An audio-guided intubation stylet has been designed to guide tracheal intubation (U.S. Pat. No. 6,164,277). However, spontaneous breathing must be maintained to guide the ET. In the most situations, medical personnel prefer to intubate a patient after induction of general anesthesia and muscle relaxation. Under these circumstances, patients do not experience the discomfort otherwise associated with intubation, and less time is required to accomplish the intubation than when the patient is awake.

Another endotracheal assembly (U.S. Pat. No. 4,488,548) has been designed to prevent the whip effect of an insufflation catheter inside endotracheal tube and/or trachea, and to maximize air entrance during jet ventilation. In this case, the ET has spacers adjacent the distal end to space the insufflation catheter from the inner side walls of the tube. However, the insufflation catheter is not designed as a guide for intubation, and the distal end of insufflation catheter is well positioned as a guide into trachea.

An endotracheal assembly has been designed with the jet nozzles inside the ET (U.S. Pat. No. 4,270,530) to reduce turbulent during HFJV at a frequency above 600/min. Two jet nozzles spaced from each other inside ET are connected to separate feed lines. Although this arrangement permits selective ventilation of the lungs by gas currents adapted to the existing resistance conditions, it is not suitable to be utilized as a guiding catheter for intubation.

Christopher (U.S. Pat. No. 6,568,388) discloses a method and apparatus for guiding insertion of an endotracheal tube into a patient's trachea while continuing to supply air/oxygen in the patient's airway and lungs. The shortcoming of this design is that the intubation guide has a fixed angle on the distal end, thus it is unable to be adapted to the different view of glottis efficiently and quickly (e.g. a throat of Grade III may be higher than in Grade II). This makes it difficult to view the glottis with the fiber-optic device quickly in emergency situation. In addition, it will be difficult for the distal end of oxygen supplying catheter directly facing the vocal cord opening to provide adequate oxygenation and ventilation, while at the same time to adjust the distal end of the fiber-optic device for a good view of the glottis.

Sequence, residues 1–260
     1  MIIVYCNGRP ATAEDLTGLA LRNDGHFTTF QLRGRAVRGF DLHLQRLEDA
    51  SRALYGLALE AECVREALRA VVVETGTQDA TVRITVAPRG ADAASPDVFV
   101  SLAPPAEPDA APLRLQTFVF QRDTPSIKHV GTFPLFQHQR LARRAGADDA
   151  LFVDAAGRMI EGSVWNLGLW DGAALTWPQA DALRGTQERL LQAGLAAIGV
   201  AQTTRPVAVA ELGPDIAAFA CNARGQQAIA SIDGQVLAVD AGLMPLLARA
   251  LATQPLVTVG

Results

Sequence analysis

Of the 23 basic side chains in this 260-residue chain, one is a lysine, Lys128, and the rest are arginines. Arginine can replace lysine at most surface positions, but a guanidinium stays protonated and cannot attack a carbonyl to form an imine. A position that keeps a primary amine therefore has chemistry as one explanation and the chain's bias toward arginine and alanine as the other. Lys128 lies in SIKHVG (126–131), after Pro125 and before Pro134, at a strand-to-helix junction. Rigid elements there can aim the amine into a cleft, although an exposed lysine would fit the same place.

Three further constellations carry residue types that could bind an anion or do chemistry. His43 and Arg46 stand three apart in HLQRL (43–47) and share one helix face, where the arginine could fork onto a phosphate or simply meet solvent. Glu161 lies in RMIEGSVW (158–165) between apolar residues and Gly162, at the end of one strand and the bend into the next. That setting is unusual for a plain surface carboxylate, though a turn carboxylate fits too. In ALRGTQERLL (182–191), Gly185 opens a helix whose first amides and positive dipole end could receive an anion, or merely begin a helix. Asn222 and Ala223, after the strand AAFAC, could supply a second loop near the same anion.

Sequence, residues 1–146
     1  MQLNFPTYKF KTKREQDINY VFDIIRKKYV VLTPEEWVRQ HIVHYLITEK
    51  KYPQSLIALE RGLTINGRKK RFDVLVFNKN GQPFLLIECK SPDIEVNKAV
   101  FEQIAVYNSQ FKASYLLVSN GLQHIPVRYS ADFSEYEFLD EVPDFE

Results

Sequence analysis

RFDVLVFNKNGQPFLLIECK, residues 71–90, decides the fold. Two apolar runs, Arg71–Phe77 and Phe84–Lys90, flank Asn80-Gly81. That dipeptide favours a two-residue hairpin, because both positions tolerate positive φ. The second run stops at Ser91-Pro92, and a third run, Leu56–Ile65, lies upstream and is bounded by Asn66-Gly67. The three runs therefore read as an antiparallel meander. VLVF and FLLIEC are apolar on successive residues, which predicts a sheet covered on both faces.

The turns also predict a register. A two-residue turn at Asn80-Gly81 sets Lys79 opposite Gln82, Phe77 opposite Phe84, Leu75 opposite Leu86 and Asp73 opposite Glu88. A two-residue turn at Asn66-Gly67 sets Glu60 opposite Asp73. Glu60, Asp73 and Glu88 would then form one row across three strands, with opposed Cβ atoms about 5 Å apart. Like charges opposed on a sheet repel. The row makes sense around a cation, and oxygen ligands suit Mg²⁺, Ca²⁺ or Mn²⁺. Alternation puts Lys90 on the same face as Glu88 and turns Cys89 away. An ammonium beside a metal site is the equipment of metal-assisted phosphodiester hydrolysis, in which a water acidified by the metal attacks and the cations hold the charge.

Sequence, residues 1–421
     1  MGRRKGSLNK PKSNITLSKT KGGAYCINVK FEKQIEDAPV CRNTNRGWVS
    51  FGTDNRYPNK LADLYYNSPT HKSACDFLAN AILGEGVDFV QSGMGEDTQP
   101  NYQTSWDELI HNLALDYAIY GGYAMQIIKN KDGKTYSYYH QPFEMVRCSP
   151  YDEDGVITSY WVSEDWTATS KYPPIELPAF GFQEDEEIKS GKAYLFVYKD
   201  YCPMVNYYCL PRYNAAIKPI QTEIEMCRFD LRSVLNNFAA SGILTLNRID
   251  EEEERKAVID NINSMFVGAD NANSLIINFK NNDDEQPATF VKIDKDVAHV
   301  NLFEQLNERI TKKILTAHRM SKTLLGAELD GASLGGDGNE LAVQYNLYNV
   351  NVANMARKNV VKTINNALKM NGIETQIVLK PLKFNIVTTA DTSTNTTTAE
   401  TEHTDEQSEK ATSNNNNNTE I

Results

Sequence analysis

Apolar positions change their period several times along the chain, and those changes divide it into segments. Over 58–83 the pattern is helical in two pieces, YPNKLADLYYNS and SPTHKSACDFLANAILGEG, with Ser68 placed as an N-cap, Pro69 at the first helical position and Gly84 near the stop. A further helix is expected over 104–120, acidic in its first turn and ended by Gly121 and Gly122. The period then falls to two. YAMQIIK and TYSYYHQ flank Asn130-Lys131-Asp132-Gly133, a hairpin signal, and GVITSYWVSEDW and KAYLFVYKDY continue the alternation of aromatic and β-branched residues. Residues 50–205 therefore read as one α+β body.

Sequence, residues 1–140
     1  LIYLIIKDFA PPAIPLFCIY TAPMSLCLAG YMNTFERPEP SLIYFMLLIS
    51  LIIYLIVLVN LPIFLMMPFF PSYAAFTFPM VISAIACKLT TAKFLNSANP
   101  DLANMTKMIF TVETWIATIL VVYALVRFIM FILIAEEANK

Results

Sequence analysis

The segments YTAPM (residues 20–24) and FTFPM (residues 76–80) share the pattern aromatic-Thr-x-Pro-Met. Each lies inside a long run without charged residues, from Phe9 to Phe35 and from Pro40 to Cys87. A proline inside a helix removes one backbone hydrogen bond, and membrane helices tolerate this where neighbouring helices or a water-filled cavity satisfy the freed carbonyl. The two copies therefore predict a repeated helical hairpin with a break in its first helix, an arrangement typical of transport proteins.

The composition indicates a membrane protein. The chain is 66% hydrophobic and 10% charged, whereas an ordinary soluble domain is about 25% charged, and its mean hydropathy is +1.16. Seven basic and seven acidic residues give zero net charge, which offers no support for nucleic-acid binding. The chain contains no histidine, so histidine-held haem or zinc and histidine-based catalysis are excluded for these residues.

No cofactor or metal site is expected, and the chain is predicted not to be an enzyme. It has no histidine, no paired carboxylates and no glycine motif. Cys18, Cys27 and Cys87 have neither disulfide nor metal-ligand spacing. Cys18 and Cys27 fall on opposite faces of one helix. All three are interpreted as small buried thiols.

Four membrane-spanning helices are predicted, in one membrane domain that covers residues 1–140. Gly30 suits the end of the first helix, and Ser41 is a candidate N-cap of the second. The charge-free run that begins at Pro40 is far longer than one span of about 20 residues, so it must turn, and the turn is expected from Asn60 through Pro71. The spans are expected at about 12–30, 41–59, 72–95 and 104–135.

Huang (U.S. Pat. No. 5,445,161) discloses an apparatus and method for accurately securing an airway for the purpose of endotracheal intubation of a patient using a computed capnogram. The major shortcoming of this design is that the patient must have spontaneous breathing in order to use the capnogram as a guiding device. Patients are usually paralyzed with muscle relaxant to achieve maximum exposure of the glottis for intubation, and thus such patients are likely to develop apnea, especially in situations of securing an airway in an emergency. No methods of oxygenation and ventilation were designed for this apparatus in case of a patient's apnea, and thus the device is impractical for use in emergency situations.